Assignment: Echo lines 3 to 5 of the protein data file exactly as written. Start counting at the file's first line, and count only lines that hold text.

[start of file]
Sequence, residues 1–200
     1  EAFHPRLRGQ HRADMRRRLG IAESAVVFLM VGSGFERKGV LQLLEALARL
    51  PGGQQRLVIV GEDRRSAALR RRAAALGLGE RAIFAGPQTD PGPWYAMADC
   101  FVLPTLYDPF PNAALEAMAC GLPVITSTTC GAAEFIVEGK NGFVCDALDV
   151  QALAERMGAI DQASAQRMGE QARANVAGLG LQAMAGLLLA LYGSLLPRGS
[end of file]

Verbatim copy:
    51  PGGQQRLVIV GEDRRSAALR RRAAALGLGE RAIFAGPQTD PGPWYAMADC
   101  FVLPTLYDPF PNAALEAMAC GLPVITSTTC GAAEFIVEGK NGFVCDALDV
   151  QALAERMGAI DQASAQRMGE QARANVAGLG LQAMAGLLLA LYGSLLPRGS